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Drummond v. Hall

United States District Court, S.D. Georgia, Dublin Division

October 17, 2017

ARTHUR GLENN DRUMMOND, Plaintiff,
v.
PHILLIP HALL, Warden; BARBARA GRANT, Unit Manager; FREDRICK JOHNSON, Unit Manager; LISA FOUNTAFN, Interim Manager; and SHELAND CRAY, CO II, Officer, Defendants.

          MAGISTRATE JUDGE'S REPORT AND RECOMMENDATION

          BRIAN K. EPPS, UNITED STAINS MAGISTRATE JUDGE.

         Plaintiff, an inmate at Telfair State Prison ("TSP") in Helena, Georgia, is proceeding in forma pauperis ("IFP") in this case filed pursuant to 42 U.S.C. § 1983. Because he is proceeding IFP, Plaintiff's amended complaint must be screened to protect potential defendants. Phillips v. Mashburn, 746 F.2d 782, 785 (11th Cir. 1984); Al-Amin v. Donald, 165 Fed.Appx. 733, 736 (11th Cir. 2006).

         I. BACKGROUND

         Plaintiff names the following Defendants: (1) Phillip Hall, Warden of TSP; (2) Barbara Grant, Unit Manager of Tier II Program at TSP; (3) Fredrick Johnson, Unit Manager of Tier II Program at TSP; (4) Lisa Fountain, Interim Manager; and (5) Sheland Cray, Correctional Officer II at TSP. (Doc. no. 5, pp. 1-6.) Taking all of Plaintiffs factual allegations as true, as the Court must for purposes of the present screening, the facts are as follows.

         On April 5, 2017, Defendant Cray assaulted Plaintiff with a metal detector in Building F-l at TSP and took away Plaintiffs recreation time. (LL at 6-7.) Defendant Grant "and everyone stated in this complaint was involved" in the April 5th incident, though Plaintiff provides no details about how each Defendant participated in the alleged assault. (Id at 7.)

         Plaintiff filed a grievance on April 13, 2017. (Id. at 9.) At the time Plaintiff filed his amended complaint, he had not yet filed an appeal of the grievance, even though prison officials had exceeded the forty days allowed to respond to the original grievance. (Id.) Contrary to Plaintiffs assertion that he filed a grievance on April 13th, Plaintiff also asserts he did not file grievance but informed "[e]veryone that's in this complaint" about the April 5th incident and was simply told "they'll look into it." (Id. at 10.)

         Plaintiff seeks an order directing TSP officials to stop harassing and punishing him, as well as $50, 000 in punitive and compensatory damages from each Defendant. (Id. at 7.)

         II. DISCUSSION

         The amended complaint or any portion thereof may be dismissed if it is frivolous, malicious, or fails to state a claim upon which relief may be granted, or if it seeks monetary relief from a defendant who is immune to such relief. See 28 U.S.C §§ 1915(e)(2)(B) and 1915A(b). Plaintiff's amended complaint should be dismissed because of his failure to exhaust administrative remedies. Although Plaintiff alternately states he did, and did not, file a grievance, the Court finds that even if Plaintiff did file a grievance, he did not complete the administrative process prior to filing his lawsuit.

         A. The Exhaustion Requirement

         Section 1997e(a) of the Prison Litigation Reform Act ("PLRA") provides that "[n]o action shall be brought with respect to prison conditions under section 1983 of this title, or any other Federal law, by a prisoner confined in any jail, prison or other correctional facility until such administrative remedies as are available are exhausted." 42 U.S.C. § 1997e(a). Dismissal for failure to state a claim is appropriate if it is clear from the face of a complaint that the plaintiff failed to exhaust administrative remedies. See Jones v. Bock, 549 U.S. 199, 215 (2007); Bingham v. Thomas, 654 F.3d 1171, 1175 (11th Cir. 2011); Solliday v. Federal Officers. 413 Fed.Appx. 206, 208 (11th Cir. 2011); Anderson v. Donald. 261 Fed.Appx. 254, 256 (11th Cir. 2008). The PLRA's mandatory exhaustion requirement "applies to all prisoners seeking redress for prison circumstances or occurrences." Porter v. Nussle, 534 U.S. 516, 520 (2002). Moreover, the Court does not have discretion to waive the requirement, even if it can be shown that the grievance process is futile or inadequate. See Smith v. Terry, 491 Fed.Appx. 81, 83 (11th Cir. 2012); Alexander v. Hawk. 159 F.3d 1321, 1325 (11th Cir. 1998).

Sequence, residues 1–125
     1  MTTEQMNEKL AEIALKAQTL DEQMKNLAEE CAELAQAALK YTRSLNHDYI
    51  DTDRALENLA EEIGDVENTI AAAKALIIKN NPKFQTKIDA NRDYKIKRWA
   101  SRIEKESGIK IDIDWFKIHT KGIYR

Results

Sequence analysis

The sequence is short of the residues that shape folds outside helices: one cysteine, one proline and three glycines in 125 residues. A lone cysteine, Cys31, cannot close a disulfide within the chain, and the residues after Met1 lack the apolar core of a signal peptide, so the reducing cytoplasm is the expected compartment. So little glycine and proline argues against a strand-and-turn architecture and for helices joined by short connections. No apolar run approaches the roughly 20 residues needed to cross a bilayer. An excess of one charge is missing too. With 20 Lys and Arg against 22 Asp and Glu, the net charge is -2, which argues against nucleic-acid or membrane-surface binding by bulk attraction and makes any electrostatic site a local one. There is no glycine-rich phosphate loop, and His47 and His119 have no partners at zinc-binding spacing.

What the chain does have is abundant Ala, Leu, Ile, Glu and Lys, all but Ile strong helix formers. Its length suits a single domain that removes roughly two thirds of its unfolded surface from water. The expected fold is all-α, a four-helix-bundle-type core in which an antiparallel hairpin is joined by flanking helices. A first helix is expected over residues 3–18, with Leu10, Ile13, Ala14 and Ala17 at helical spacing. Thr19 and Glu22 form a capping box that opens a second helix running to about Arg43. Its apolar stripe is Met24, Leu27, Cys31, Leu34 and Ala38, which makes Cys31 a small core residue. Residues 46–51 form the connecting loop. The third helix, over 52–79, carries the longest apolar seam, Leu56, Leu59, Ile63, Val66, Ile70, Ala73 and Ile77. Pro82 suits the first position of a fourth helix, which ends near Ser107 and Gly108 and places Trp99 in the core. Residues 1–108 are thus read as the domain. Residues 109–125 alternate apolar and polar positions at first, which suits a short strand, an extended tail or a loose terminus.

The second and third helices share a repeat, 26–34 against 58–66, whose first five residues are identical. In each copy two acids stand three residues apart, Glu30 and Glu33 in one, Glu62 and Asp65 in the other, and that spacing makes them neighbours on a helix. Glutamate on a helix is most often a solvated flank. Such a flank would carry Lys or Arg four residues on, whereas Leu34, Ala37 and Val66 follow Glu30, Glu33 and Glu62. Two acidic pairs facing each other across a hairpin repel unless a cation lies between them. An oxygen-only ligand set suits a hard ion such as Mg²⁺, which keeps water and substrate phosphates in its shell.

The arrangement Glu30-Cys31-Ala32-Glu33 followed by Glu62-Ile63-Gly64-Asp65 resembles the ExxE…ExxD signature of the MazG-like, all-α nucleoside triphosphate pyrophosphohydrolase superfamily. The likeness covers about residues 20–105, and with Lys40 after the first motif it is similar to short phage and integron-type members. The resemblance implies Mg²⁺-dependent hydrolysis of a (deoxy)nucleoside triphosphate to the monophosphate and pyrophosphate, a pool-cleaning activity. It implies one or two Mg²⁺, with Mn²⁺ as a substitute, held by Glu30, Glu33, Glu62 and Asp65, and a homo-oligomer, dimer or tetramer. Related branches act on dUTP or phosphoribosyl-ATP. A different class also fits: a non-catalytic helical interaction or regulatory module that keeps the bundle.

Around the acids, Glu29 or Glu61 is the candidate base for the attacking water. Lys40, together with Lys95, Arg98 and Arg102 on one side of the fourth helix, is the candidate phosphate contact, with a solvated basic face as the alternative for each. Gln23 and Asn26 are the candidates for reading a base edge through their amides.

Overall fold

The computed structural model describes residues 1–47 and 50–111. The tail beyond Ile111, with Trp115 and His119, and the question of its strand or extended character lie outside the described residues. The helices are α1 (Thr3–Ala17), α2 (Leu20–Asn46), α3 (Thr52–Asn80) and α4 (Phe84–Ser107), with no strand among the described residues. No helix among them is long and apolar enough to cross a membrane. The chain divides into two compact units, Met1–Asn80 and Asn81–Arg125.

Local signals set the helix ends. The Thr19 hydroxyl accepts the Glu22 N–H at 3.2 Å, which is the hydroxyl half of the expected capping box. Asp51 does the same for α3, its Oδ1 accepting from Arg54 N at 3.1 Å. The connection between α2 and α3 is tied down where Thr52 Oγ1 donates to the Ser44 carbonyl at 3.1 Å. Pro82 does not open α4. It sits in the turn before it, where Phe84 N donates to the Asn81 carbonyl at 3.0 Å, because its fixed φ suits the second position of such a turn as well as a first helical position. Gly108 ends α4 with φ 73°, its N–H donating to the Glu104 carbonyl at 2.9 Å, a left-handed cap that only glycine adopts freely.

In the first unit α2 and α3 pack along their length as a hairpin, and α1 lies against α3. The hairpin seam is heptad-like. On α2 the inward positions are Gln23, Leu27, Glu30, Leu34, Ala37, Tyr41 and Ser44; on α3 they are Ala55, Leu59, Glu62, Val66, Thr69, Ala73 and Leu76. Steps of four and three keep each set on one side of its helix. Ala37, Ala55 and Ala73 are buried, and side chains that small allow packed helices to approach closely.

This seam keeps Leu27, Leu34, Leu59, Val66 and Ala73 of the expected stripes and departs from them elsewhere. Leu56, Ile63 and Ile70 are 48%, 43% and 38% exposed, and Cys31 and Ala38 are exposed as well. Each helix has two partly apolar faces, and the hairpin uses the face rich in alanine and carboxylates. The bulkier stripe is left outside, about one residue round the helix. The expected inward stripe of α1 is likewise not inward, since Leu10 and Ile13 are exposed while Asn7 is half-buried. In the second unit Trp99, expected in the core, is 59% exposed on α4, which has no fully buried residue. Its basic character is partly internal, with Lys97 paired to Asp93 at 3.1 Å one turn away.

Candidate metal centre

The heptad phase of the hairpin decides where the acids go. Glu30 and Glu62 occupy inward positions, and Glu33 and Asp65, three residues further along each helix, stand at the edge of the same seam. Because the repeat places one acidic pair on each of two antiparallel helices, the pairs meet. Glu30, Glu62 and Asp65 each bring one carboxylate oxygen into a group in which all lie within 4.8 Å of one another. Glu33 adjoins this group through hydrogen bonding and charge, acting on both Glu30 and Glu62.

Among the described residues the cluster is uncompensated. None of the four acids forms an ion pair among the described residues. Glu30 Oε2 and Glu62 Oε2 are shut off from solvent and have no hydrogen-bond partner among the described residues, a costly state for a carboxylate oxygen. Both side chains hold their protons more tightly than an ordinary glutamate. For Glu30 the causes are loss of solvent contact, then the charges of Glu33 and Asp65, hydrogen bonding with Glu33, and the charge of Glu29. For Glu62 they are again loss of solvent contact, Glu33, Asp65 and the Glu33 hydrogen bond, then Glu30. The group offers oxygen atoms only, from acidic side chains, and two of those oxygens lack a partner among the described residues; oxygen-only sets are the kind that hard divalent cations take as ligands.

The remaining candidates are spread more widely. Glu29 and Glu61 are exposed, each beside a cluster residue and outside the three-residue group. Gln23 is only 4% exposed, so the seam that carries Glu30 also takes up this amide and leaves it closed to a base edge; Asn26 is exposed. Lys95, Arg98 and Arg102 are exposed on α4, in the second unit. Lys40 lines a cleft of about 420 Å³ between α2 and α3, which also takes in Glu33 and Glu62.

Furthermore, the PLRA also "requires proper exhaustion." Woodford v. Ngo, 548 U.S. 81, 93 (2006). In order to properly exhaust his claims, a prisoner must "us[e] all steps" in the administrative process; he must also comply with any administrative "deadlines and other critical procedural rules" along the way. LL at 90 (internal quotation omitted). If a prisoner fails to complete the administrative process or falls short of compliance with procedural rules governing prisoner grievances, he procedurally defaults his claims. Johnson v. Meadows, 418 F.3d 1152, 1159 (11th Cir. 2005).

         Also, because exhaustion of administrative remedies is a "precondition" to filing an action in federal court, the Eleventh Circuit requires prisoners to complete the administrative process before initiating suit. Poole v. Rich, 312 Fed.Appx. 165, 166 (11th Cir. 2008); see also Higginbottom v. Carter, 223 F.3d 1259, 1261 (11th Cir. 2000).[1]Finally, under the PLRA, the Court has no discretion to inquire into whether administrative remedies are "plain, speedy, [or] effective." Porter, 534 U.S. at 524; see also Alexander, 159 F.3d at 1326. Rather, under the PLRA's "strict exhaustion" requirement, administrative remedies are deemed "available" whenever "'there is the possibility of at least some kind of relief" Johnson, 418 F.3d at 1155, 1156.

         B. Administrative ...


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